FORT BRAGG'S CV Starr Aquatic Center has been saved. The lavish $24 million swimming pool and exercise facility was established out of a bequest by a wealthy benefactor but had proved to be more expensive to operate than its subsequent income could cover. The Center had been closed for a month pending Tuesday's special election that saw Fort Bragg voters approve, by a large margin, to raise the town's sales tax by a half cent to support the Center. Two-thirds of the vote is required to pass any tax measure, and this one came in at around 75% with 1,272 in favor, 437 opposed. The half-cent will provide an estimated $700,000 annually for the Center which, along with its ordinary income from admissions and memberships, should put Starr well into the annual black.
THE CHILD MOLEST PROSECUTION of Richard Kruse, 68, a long-time resident of Albion, has begun with the claim of a woman who says she was molested 30 years ago by Kruse. Her testimony is admissible, Judge Ann Moorman ruled Wednesday. Jury selection is underway and the trial is set to begin next week. Several years ago, Kruse established an all-girls water ski team that met at Lake Mendocino. He is accused of molesting a 6-year-old team member.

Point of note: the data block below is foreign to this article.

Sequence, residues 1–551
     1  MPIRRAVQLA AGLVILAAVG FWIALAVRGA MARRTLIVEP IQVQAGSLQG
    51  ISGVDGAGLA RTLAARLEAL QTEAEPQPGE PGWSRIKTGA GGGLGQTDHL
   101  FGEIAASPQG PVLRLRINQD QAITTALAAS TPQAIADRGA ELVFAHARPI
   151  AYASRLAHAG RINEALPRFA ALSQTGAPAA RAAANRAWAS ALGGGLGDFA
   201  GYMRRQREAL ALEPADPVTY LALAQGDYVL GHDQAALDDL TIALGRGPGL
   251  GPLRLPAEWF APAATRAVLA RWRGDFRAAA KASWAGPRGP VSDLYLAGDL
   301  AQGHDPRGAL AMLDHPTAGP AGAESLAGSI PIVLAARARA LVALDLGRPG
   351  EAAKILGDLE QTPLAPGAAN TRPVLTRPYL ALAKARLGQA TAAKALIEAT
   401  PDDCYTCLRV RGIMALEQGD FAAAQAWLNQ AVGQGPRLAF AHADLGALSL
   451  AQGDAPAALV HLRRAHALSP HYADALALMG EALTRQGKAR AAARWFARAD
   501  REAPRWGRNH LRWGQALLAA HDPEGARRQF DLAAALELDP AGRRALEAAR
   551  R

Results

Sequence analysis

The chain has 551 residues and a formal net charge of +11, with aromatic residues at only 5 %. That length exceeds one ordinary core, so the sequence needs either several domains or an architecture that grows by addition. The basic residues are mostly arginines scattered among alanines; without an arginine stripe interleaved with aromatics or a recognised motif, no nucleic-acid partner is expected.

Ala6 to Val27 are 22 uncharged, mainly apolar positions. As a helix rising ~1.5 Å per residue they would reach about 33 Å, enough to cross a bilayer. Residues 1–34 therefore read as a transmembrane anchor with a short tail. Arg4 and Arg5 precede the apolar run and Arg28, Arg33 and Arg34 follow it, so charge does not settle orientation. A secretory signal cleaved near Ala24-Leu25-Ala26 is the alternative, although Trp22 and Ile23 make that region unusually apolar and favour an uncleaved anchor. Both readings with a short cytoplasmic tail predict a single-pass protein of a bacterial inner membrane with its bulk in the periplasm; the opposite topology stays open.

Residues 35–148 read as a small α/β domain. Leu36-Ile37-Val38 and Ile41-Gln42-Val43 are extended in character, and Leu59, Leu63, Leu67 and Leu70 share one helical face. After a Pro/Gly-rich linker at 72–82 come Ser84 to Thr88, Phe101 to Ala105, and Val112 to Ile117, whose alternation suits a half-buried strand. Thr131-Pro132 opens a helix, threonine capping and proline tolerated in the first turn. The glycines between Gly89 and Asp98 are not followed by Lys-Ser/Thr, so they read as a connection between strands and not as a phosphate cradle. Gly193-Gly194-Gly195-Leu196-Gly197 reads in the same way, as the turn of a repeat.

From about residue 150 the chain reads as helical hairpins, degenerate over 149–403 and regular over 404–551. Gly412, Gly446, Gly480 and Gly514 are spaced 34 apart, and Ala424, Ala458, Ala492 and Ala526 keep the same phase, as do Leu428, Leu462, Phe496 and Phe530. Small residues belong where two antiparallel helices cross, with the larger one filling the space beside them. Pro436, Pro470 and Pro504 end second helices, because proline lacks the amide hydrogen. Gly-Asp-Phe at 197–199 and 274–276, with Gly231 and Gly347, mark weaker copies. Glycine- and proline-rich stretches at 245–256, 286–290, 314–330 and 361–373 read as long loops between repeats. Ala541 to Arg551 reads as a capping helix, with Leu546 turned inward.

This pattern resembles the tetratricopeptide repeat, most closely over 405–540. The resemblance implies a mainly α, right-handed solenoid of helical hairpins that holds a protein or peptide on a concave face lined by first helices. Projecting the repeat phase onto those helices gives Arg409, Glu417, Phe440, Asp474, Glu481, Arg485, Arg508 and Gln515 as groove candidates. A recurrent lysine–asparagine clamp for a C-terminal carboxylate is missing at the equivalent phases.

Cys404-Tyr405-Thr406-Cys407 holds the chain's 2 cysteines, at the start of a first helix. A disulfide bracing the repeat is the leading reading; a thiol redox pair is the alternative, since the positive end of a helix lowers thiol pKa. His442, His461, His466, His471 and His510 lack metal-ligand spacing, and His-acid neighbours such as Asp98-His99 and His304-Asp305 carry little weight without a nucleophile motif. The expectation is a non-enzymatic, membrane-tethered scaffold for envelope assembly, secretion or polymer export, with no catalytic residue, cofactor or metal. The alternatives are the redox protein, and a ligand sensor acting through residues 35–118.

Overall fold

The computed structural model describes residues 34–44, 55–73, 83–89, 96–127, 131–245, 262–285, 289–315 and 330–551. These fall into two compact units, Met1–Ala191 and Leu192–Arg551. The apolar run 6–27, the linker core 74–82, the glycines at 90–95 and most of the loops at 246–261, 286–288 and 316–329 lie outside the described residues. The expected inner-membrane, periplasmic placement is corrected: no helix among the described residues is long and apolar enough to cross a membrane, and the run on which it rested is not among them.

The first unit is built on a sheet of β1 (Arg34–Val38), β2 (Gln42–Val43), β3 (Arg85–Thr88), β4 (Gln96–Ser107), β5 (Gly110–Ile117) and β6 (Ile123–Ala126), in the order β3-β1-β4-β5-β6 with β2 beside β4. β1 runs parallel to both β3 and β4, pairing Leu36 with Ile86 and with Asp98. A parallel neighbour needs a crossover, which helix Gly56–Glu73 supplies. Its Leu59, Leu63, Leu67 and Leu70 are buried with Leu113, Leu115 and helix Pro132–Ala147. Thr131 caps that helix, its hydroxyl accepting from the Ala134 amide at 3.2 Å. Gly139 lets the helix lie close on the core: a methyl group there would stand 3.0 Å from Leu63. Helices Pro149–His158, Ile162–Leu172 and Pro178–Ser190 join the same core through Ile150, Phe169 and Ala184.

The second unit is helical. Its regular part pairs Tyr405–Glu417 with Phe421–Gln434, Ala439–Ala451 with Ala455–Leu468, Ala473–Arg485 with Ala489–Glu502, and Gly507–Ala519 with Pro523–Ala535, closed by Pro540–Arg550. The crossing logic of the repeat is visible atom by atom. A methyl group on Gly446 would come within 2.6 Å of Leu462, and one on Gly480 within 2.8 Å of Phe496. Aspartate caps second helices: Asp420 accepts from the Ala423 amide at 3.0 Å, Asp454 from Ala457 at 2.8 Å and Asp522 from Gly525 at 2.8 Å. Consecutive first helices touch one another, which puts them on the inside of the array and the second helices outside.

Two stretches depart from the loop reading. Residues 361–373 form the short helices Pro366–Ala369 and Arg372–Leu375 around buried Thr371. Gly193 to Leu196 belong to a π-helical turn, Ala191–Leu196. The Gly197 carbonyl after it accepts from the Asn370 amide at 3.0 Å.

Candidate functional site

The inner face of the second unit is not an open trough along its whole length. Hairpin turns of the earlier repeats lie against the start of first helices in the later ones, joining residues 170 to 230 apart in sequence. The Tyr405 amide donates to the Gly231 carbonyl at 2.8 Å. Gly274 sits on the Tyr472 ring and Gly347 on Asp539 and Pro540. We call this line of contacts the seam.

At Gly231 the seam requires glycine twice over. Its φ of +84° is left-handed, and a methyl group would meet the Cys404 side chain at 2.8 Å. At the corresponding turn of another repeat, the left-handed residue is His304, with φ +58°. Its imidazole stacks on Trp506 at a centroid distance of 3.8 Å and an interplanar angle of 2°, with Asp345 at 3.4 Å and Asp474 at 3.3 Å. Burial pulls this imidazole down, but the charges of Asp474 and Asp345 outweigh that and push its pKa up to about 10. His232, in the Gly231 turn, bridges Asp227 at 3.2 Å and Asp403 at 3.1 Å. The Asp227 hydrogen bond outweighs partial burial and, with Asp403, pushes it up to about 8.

BILLY NORBURY was scheduled for a preliminary hearing Wednesday, but the prelim has been put over while Norbury's freshly appointed attorney, Al Kubanis, familiarizes himself with the case. Norbury, 33, is charged with murder with a special allegation that he used a gun in the January 28th shooting death of his neighbor, Jamal Andrews, 30. A popular reggae musician raised in Laytonville, Andrews was black, Norbury is white. Andrews' many friends claim that Norbury shot Andrews because Andrews was black, a claim DA David Eyster says the evidence does not support. The two men had been neighbors in Redwood Valley.